Lotus Elan

Engine oil: My leak solutions

PostPost by: Hawksfield » Sat Jun 18, 2022 3:36 pm

Hi all

I recently removed the engine from my S130 to cure oil leaks that had been evident for a long time, most importantly the rear crank lipseal. This had been fitted in 2000 when I had the crank reground. I always had a slight drip from the front pully even after fitting a new pully. Sump weeps over the years had also being cured from underneath just removing the sump, never really a long term success.
I decided that it was time to sort all these leaks and do a proper job with good sealants and gaskets.
I decided to look at alternate sump gaskets and seals with the engine on the bench which would give the best chances of long term seal. I looked at the fit of the Ford xflow gasket with black plastic half moon seal with spats at the ends that covers the cork gasket, I liked this idea as it was a ford upgrade but the seal has to be trimmed to fit in the alloy carriers. did a test fit and compared it to the original cork half moons. The compression by the sump pan is much less on the xflow black half moon seals than the cork, I thought this would be a possible future leak point. I ended up with the gasket kit "from Gaskets for Classics on ebay" that uses a plastic half moon that fits the carrier with the required height to give good compression from the sump and does not need trimming.
The timing chain case can leak around the back plate although mine in this case was not showing any signs of this However it did show signs at the joint of the two parts at the base adjacent to the sump gasket. The pully seal had a leak and I think in the past the timing case had not been centralised correctly, I decided I needed to find a way of doing this whilst fitting the front cover, I made up a centraliser from a new pulley seal filled with araldite and when hard made the lipseal rigid. This was fitted to the pully shaft with an old seal as a spacer whilst setting the backplate with sealant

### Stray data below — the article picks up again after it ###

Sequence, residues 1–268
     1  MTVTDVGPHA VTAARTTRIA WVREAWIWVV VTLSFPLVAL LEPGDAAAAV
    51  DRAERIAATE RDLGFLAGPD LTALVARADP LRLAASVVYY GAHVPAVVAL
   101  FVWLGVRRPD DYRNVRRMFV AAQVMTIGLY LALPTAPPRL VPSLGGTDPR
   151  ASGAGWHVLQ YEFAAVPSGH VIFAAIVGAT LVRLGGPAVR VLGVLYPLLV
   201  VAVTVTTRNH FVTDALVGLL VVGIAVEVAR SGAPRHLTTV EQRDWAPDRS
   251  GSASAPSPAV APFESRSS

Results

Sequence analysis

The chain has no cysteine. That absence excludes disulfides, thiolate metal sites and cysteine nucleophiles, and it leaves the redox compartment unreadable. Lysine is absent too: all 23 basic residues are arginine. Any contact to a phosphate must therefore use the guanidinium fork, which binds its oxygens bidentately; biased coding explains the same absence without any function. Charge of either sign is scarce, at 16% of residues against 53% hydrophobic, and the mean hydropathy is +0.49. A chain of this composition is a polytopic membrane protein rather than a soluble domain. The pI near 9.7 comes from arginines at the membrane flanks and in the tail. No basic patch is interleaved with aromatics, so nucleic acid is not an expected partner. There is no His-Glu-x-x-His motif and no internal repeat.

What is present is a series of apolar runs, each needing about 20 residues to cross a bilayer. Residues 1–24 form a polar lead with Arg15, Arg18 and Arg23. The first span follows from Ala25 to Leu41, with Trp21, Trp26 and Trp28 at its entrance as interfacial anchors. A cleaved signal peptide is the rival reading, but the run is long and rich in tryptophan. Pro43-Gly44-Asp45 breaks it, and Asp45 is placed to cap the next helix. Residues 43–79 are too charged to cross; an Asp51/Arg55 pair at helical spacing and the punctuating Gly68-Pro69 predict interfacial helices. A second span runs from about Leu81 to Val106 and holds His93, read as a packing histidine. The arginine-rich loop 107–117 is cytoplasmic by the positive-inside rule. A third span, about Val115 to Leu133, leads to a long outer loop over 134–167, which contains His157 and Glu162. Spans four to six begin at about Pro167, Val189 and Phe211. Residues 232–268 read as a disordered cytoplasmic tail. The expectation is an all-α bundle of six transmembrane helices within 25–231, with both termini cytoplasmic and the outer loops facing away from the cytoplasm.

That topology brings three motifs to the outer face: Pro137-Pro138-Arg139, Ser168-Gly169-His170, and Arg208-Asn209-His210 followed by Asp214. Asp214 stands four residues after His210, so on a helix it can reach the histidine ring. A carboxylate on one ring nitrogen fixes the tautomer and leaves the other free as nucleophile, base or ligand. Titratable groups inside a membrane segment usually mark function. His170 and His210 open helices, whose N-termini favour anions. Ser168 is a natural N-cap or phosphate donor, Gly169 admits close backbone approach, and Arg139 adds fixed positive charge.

and tightening the back plate holding bolt.

20211211_122459.jpg and
centraliser

20211211_122434.jpg and
front pully seal filled with Araldite


The rear seal of the crank looked ok as regarding scoring but to give it a new seal area I made up a new gasket using good quality gasket paper 0.30mm as apposed to 0.50mm moving the lip point 0.20mm closer to the block. it may not be significant but every little helps.

Timing cover procedure: was to use sealant "Permatex 80019" to both sides of the backplate gasket. fit back plate with bolt finger tight then fit front cover without chain and jackshaft sprocket. using all bolts finger tight, fit homemade centraliser and pully to centralise covers. the back plate cover then can be tightened fully through the gap in the timing case with a ring spanner, front cover can then be removed after allowing sealant to set so that sprockets and chain can be fitted and torque up back bolt.
Fitting the front cover using Permatex anaerobic 518 gasket maker and again use the centraliser to ensure that all is central, the centraliser only needs to entered into the access lightly not fully inserted as the final lipseal.

20211211_122254~2.jpg and
Centraliser in use


Sump rail gaskets: Permatex 8001 aviation No3 form a gasket maker
Sump half moon ends: Permatex 8115 black sealant
I left the above overnight before putting a light coat of Permatex 8006 high tack gasket sealant on the sump pan faces after checking straightness and correction, bolted down to manual specs. Engine has been in use since dec2021 no leaks as yet
20211214_101228.jpg and
left overnight before fitting sump


This is my effort to give long term absence of leaks from the sump area the remaining gaskets were installed with the same gasket sealants used above as required for each area.

I am pleased with the result and was worth the effort of removing the engine to the bench.

:D :idea:
John

+2s130 1971
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PostPost by: h20hamelan » Sat Jun 18, 2022 10:28 pm

hope not to impose, I was just reading this and though it pertinent

viewtopic.php?f=39&t=41344

for sure not all sealants are available in N America, or Canada!

Nice qualifying in F1 today, speaking of Canada.
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PostPost by: rgh0 » Sat Jun 18, 2022 11:50 pm

Its the attention to the detail of the fit and finish like your doing that stops the leaks. I am sure it will be "close" to oil tight :).